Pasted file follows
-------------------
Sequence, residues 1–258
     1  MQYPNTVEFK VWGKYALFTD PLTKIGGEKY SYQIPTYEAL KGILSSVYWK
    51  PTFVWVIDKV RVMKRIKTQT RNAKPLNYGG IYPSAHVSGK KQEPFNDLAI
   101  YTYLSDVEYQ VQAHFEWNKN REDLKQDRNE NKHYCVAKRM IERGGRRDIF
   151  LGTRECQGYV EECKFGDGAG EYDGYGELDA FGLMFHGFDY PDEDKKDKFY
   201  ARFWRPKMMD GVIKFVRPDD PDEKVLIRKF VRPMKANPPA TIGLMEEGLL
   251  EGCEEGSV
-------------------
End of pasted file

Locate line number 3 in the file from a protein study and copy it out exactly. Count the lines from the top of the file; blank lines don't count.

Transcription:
    51  PTFVWVIDKV RVMKRIKTQT RNAKPLNYGG IYPSAHVSGK KQEPFNDLAI